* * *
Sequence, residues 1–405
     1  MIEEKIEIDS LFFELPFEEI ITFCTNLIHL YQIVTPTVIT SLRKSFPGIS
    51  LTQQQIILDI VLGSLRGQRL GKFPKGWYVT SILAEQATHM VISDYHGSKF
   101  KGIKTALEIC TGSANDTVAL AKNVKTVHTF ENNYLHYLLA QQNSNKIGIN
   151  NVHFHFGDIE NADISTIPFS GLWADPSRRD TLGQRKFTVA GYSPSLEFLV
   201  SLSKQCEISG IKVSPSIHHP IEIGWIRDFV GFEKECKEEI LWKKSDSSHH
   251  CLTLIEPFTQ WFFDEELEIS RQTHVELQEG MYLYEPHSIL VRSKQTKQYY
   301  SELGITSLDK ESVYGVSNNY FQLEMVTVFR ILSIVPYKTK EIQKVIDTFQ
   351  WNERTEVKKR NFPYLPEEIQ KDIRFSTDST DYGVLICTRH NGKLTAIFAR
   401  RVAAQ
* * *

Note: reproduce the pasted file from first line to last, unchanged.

Sequence, residues 1–405
     1  MIEEKIEIDS LFFELPFEEI ITFCTNLIHL YQIVTPTVIT SLRKSFPGIS
    51  LTQQQIILDI VLGSLRGQRL GKFPKGWYVT SILAEQATHM VISDYHGSKF
   101  KGIKTALEIC TGSANDTVAL AKNVKTVHTF ENNYLHYLLA QQNSNKIGIN
   151  NVHFHFGDIE NADISTIPFS GLWADPSRRD TLGQRKFTVA GYSPSLEFLV
   201  SLSKQCEISG IKVSPSIHHP IEIGWIRDFV GFEKECKEEI LWKKSDSSHH
   251  CLTLIEPFTQ WFFDEELEIS RQTHVELQEG MYLYEPHSIL VRSKQTKQYY
   301  SELGITSLDK ESVYGVSNNY FQLEMVTVFR ILSIVPYKTK EIQKVIDTFQ
   351  WNERTEVKKR NFPYLPEEIQ KDIRFSTDST DYGVLICTRH NGKLTAIFAR
   401  RVAAQ